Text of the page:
Stories

Special Report: How vanity will save retail

If Main Street is going to be saved, enduring American vanity will be among the primary reasons.

What's happening: Nail and waxing salons — in addition to pet grooming shops, cosmetics stores, tattoo parlors, and gyms — stand out as improbable avatars of the future of retail, surviving and thriving amid the decades-long annihilation of mom-and-pop apparel, book and hardware stores.

By the numbers:

  • Between 1990 and 2017, the number of nail salons for every 100,000 Americans nearly tripled, from fewer than two to nearly seven.
  • Pet grooming surged by one-and-a-half-times, and cosmetics almost doubled.

A common theme among the victors: The offerings can't be easily replicated online.

The big picture: The mainstays of retail — the mall and Main Street — have been picked apart by Walmart, discount chains like Dollar General, and, of course, Amazon. Now brick-and-mortar stores are stabilizing, and the industry is climbing out of the rubble to survey what has worked.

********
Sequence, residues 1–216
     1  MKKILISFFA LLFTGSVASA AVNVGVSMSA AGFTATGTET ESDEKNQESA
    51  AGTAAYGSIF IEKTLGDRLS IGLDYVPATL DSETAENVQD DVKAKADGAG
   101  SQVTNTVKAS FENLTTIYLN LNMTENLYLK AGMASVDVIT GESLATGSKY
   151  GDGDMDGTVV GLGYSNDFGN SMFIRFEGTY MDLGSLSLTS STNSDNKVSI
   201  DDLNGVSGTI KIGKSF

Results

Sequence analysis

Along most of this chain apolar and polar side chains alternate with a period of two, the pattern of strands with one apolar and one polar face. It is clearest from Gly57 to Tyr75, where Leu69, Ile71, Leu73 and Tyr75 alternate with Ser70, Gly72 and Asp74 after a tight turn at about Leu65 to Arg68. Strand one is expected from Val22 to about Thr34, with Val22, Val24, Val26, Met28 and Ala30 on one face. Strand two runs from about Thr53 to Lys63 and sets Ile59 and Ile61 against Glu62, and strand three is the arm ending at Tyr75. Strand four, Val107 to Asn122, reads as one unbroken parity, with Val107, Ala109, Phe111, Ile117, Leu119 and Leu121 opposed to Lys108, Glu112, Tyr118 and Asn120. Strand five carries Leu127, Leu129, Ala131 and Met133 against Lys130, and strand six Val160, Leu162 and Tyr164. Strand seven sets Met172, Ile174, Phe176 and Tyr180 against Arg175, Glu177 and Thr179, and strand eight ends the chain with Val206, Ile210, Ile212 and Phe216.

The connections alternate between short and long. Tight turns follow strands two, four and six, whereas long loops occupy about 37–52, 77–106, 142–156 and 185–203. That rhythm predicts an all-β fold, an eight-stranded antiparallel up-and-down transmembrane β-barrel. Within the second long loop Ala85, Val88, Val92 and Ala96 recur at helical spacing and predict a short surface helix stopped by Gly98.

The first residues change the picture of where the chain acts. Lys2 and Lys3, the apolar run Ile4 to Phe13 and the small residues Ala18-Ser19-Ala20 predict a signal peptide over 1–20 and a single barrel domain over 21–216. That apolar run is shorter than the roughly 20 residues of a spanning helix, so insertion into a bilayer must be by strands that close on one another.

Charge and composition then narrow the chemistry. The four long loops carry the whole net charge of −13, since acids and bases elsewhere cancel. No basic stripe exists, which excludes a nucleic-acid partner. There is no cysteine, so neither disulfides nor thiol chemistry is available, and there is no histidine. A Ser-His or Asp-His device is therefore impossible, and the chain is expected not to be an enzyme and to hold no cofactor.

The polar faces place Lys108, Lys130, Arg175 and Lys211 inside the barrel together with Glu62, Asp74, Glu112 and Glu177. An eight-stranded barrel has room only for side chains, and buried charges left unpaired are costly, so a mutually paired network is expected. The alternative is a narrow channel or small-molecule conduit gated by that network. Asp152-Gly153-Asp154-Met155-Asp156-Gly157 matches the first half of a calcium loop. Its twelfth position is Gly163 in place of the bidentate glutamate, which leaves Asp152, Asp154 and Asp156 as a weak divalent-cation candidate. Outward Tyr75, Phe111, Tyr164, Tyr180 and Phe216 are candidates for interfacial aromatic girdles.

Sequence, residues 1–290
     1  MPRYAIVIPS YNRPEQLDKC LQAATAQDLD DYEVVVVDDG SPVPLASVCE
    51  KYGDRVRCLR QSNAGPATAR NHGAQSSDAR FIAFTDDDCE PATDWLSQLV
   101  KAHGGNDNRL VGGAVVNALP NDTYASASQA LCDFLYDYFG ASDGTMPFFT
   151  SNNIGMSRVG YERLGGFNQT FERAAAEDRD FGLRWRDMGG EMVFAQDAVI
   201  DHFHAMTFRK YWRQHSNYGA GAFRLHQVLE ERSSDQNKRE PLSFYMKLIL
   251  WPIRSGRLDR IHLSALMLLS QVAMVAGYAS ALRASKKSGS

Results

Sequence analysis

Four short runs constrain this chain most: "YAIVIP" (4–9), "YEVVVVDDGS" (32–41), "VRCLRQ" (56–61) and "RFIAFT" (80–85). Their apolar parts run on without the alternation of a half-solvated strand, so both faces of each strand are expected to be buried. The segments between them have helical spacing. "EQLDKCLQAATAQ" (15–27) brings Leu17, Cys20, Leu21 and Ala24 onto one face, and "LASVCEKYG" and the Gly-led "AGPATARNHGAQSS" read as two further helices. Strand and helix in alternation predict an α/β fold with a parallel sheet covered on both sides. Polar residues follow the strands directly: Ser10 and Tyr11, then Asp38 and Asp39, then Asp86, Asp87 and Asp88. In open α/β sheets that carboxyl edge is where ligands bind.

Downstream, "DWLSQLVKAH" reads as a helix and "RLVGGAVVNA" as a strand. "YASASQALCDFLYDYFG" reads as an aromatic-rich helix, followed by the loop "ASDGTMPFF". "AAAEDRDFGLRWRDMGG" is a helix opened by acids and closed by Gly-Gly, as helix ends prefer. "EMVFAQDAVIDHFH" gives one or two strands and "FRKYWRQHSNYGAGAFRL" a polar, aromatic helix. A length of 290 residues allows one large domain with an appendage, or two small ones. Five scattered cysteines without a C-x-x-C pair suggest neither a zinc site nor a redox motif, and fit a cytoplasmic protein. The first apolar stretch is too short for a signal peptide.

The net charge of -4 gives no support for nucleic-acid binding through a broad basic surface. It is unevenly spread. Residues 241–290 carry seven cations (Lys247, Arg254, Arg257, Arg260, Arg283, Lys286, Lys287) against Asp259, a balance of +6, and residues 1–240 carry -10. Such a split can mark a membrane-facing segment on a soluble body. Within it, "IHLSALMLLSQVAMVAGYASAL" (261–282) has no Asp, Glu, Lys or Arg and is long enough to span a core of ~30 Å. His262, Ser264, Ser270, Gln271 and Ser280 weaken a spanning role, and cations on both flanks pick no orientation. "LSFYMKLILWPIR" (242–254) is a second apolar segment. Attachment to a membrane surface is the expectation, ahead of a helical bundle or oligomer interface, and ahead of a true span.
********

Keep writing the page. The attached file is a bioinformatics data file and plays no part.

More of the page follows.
They are aggressively curating inventory, meticulously upgrading existing shops, adding entertainment features like trampoline parks, free food and drink and, of course, providing hair, nail and cosmetic services.

"The stores that will do well are the ones that know how to get you to leave your house.”
— Natalie Bruss, partner at Fifth Wall Ventures, a retail investment firm

On the ground:

  • Nordstrom Local, a new concept by the Los Angeles department store, has no inventory — you shop online and just pick up in store — but draws clients with free beer, wine, and consultations with personal stylists.
  • Kellogg’s has opened a pop-up cereal bar in New York City.
  • Away, the new luggage brand, puts up elaborate sets that serve as the perfect backdrops for Instagram photos.

Noteworthy: The boom in nail salons has been accompanied by labor abuses and human trafficking.

Go deeper: Read the full report